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[Bug stdio/15929] scanf doesn't set errno to ERANGE for unsigned short overflows
- From: "filipe at codinghighway dot com" <sourceware-bugzilla at sourceware dot org>
- To: glibc-bugs at sourceware dot org
- Date: Wed, 04 Sep 2013 13:59:20 +0000
- Subject: [Bug stdio/15929] scanf doesn't set errno to ERANGE for unsigned short overflows
- Auto-submitted: auto-generated
- References: <bug-15929-131 at http dot sourceware dot org/bugzilla/>
--- Comment #2 from Filipe GonÃalves <filipe at codinghighway dot com> ---
(In reply to Andreas Schwab from comment #1)
> POSIX does not specify ERANGE for fscanf. The ERANGE error comes from
> strtoul which checks against ULONG_MAX (not UINT_MAX). If you want to do
> range checking you have to do it yourself.
Well, the manpage contradicts itself, it mentions that ERANGE is used when "The
result of an integer conversion would exceed the size that can be stored in the
corresponding integer type.", but later on it says that the standards to which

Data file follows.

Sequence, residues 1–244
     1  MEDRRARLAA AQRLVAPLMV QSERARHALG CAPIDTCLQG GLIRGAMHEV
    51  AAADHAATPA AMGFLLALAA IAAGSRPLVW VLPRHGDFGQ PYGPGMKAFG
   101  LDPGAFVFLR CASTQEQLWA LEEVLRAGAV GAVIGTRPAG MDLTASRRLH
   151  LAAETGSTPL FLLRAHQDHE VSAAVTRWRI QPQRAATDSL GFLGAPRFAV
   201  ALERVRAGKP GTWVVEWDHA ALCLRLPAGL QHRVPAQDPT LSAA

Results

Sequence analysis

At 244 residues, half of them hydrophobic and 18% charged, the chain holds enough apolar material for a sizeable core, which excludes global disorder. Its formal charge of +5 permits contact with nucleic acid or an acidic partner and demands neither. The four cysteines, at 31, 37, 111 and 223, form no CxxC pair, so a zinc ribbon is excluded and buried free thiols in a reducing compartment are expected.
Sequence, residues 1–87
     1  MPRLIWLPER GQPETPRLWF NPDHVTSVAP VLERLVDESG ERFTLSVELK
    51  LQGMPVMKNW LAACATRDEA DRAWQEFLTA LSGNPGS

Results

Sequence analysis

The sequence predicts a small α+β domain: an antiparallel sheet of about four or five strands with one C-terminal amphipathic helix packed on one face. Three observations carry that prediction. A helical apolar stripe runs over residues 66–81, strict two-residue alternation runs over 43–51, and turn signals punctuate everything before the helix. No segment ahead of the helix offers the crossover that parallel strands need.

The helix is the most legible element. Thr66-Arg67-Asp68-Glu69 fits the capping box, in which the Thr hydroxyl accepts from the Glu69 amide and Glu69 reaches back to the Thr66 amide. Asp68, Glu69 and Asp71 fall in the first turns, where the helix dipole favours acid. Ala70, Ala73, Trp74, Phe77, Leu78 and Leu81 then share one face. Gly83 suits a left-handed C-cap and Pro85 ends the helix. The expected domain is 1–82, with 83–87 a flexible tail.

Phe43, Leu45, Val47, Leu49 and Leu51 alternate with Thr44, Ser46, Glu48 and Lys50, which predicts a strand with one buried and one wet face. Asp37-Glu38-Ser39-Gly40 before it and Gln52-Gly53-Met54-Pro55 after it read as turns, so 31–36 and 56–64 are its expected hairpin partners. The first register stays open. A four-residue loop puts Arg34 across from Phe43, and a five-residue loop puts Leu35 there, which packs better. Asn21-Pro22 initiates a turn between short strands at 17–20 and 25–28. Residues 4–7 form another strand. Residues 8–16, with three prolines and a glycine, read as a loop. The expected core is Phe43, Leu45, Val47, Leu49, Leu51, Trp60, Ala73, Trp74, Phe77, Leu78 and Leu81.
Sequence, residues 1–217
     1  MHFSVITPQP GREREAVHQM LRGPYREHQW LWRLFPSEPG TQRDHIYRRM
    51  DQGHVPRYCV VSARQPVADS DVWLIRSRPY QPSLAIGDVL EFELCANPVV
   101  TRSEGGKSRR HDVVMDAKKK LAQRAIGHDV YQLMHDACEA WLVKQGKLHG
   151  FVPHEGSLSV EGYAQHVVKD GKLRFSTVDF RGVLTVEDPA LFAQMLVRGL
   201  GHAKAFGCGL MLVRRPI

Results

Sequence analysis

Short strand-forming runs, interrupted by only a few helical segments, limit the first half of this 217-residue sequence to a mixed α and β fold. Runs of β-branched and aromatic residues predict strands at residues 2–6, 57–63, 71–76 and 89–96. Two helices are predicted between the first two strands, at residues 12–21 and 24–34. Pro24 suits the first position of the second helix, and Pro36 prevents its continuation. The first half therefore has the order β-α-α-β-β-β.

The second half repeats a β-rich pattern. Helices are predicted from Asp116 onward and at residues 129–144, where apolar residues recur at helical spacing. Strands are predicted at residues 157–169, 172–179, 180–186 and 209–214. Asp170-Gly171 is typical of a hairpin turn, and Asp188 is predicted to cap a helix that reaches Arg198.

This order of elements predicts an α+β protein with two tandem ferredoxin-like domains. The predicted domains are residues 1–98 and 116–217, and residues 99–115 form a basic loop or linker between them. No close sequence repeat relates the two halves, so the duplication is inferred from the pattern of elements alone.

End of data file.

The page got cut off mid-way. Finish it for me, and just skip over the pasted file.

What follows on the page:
it conforms to do not mention ERANGE. What do we have then?
If I call scanf, I can't do range checking, by the time it returns, how am I
supposed to know if there was an overflow?
If ERANGE is not mentioned in the standards and that serves as an excuse on why
scanf doesn't deal with it properly, then it might be better to remove that
from the "ERRORS" section, otherwise, we have an awkward situation here, where
it kind of works, but when it doesn't, it's not a bug because the standard
doesn't mention it.
But ok then, I'll just code my own function to read an unsigned short and
forget that scanf exists.
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